Many students across Oklahoma attend Boys & Girls Clubs to participate in their numerous after-school programs. (Courtesy of The Boys & Girls Club of Oklahoma County)
By Katrina Crumbacher
and Valerie Scott
Any hopes of having mobile Boys & Girls Club experiences in rural Oklahoma by the end of the year were dashed as the legislature’s special session adjourned Friday, Oct. 14.
The Boys & Girls Clubs of Oklahoma was just one nonprofit of 10 that were set to receive American Rescue Plan Act funding in the latest round of pandemic relief appropriations. However, funding allocations were delayed when state lawmakers failed to reach a consensus regarding YWCA’s funding proposal.
The Boys & Girls Clubs of Oklahoma’s proposal requested $30.1 million to build out mobile clubs and for capital needs at their 96 locations across the state. The proposed mobile clubs would have brought specialized programs to areas where The Boys & Girls Clubs of Oklahoma do not have a physical presence.
“There are some schools and a lot of rural towns in the state of Oklahoma that don’t, for various reasons, have access to a club experience,” said Teena Belcik, the president and CEO of the Boys & Girls Clubs of Oklahoma County. “[We] can come with a mobile club and bring all the academic support, mentoring, sports, arts and STEM opportunities. All of those would be beneficial in many of these areas that maybe don’t have or can’t support a full-time club, but when we’re on wheels, we can go.”
Even when schools are closed, the Boys & Girls Clubs of Oklahoma are open and ready to serve. However, the delay has stalled programs that were ready to hit the ground running.
The Boys & Girls Clubs of Oklahoma County recently piloted a reading recovery program for students in kindergarten through eighth grade. The program is designed to improve students’ reading level after the pandemic caused a widespread academic delay in learning.
“Everyone’s concerned about making sure all our kids succeed academically, but the pandemic didn’t do anybody any favors,” she said. “We were really excited to be able to implement that reading recovery program, but that’s part of the funding we were hoping to receive.”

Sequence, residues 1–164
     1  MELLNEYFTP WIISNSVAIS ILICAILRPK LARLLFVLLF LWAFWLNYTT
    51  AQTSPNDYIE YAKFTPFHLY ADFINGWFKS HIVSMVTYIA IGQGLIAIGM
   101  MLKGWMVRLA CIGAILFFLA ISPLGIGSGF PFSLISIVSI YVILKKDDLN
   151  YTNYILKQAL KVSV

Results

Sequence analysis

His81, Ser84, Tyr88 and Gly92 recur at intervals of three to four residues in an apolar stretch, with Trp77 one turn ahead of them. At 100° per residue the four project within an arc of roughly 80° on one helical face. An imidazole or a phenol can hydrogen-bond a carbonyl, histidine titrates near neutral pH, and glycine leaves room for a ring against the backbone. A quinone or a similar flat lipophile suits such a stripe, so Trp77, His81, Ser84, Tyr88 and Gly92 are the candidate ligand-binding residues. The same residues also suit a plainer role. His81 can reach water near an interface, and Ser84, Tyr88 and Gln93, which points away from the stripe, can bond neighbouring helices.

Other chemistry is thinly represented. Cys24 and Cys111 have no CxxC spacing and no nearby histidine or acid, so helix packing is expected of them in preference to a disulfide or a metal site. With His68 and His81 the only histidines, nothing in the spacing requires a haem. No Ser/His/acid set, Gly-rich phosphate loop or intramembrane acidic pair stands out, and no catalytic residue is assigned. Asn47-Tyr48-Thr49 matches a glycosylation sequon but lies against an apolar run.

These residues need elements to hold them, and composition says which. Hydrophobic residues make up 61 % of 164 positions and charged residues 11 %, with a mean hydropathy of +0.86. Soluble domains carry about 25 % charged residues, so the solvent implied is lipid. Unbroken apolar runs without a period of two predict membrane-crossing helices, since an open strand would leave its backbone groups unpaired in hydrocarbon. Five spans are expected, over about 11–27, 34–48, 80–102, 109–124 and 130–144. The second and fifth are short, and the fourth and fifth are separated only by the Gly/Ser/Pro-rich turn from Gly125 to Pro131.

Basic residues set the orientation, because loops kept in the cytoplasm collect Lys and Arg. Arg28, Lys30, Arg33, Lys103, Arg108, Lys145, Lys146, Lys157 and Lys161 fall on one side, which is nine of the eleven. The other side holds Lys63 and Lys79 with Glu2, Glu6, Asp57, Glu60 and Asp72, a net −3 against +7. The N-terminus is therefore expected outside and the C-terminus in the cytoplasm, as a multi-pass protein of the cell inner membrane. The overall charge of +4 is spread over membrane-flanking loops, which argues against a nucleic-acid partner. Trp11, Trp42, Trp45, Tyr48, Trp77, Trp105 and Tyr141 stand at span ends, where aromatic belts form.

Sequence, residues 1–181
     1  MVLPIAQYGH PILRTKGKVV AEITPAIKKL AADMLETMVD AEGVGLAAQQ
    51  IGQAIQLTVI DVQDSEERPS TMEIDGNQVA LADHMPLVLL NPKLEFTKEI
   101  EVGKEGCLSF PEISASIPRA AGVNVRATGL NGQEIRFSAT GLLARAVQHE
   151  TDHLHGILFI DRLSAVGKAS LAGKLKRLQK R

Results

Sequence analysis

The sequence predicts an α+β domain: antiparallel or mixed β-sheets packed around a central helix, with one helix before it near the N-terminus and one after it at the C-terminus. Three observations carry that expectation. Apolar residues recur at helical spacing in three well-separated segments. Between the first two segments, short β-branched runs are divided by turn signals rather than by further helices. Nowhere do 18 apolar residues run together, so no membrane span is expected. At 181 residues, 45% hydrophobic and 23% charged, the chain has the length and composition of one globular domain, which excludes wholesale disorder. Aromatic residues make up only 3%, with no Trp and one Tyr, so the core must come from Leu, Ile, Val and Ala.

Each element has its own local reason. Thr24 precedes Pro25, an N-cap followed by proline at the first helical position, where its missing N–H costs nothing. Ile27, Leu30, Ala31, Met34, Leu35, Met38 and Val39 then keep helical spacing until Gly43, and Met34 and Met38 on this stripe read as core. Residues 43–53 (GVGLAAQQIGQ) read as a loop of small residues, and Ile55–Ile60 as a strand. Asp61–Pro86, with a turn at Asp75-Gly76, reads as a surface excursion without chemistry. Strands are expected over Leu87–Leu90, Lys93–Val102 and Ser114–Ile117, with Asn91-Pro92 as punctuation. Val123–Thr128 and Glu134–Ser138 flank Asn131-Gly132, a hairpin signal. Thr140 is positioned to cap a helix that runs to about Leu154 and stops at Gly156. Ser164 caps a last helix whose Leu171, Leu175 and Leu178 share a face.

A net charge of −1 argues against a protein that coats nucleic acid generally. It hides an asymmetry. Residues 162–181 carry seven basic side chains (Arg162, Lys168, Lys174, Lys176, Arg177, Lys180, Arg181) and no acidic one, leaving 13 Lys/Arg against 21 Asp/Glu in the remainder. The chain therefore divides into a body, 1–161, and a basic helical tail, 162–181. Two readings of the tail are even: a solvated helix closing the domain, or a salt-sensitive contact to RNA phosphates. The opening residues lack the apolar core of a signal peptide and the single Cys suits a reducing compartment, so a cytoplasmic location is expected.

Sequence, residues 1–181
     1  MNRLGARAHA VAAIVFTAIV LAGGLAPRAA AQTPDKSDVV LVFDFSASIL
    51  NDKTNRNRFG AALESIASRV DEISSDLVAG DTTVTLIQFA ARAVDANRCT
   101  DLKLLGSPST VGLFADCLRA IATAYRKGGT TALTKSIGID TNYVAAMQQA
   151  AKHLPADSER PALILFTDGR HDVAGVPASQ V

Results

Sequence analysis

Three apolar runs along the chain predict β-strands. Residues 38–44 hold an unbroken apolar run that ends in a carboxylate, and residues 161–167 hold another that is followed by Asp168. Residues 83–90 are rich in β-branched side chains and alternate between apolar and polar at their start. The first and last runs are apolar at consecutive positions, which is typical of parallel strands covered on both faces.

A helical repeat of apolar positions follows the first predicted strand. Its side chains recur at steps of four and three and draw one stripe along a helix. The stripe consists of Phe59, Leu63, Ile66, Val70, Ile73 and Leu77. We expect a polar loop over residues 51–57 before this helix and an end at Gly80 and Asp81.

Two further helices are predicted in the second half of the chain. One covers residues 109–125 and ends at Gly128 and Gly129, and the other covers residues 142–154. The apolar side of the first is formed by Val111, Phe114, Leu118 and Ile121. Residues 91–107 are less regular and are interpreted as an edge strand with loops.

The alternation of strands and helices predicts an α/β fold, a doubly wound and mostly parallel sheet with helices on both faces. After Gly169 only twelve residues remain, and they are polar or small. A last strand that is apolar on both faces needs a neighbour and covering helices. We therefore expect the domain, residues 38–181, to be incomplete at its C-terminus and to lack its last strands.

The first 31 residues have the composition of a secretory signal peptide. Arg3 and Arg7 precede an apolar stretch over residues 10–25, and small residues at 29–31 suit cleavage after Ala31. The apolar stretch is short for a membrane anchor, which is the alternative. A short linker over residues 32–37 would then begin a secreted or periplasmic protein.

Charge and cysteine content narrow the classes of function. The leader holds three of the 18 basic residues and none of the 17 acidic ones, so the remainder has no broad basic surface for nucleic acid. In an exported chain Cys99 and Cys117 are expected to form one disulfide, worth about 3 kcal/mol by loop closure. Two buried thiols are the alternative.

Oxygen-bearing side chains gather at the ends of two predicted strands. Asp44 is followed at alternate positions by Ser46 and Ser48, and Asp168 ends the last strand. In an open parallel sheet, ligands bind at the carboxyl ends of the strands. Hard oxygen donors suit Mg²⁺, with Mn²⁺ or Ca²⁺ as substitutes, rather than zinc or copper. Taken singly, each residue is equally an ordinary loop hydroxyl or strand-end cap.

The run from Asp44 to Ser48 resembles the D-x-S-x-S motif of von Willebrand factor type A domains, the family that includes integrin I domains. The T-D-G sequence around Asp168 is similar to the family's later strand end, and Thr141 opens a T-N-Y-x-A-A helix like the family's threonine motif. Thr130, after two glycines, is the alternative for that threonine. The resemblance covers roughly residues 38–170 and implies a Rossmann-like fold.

The Boys & Girls Clubs of Oklahoma and the other nine nonprofits will now have to wait until the legislature’s next session in February 2023 to receive the $95.2 million in ARPA funding left on the table:
$25 million to the YMCA to expand the outside school hours childcare needs at facilities across the state
$30 million to Oasis Fresh Market to help support strong healthy communities by increasing poverty wrap-around services at locations to mitigate food deserts
$2.8 million to the YWCA to build one and two bedroom apartments to house youth aging out of foster care
$700,000 to the Parent and Child Center of Tulsa for two intervention programs to prevent child abuse in high-risk communities and better integrate fathers who live separately from their children
$1 million to The Spring for capital improvements to a facility that serves victims of domestic violence, sexual assault and sex trafficking
$2 million to the Family Safety Center to go toward their total need of $27 million for a new multipurpose community facility aimed at providing assistance to individuals impacted by domestic violence and sexual abuse
$30.1 million to The Boys & Girls Clubs of Oklahoma to build mobile clubs that would have specialized programming for areas where The Boys & Girls Club does not have a physical presence and for capital needs at their 96 locations
$3 million to Food on the Move to contribute toward their $11 million need for their first Food Hub, which will bring small/local farmers and independent sellers together to buy and sell products
$342,360 to Oklahoma Court Appointed Special Advocates to pay for background checks for new advocates and other related expenditures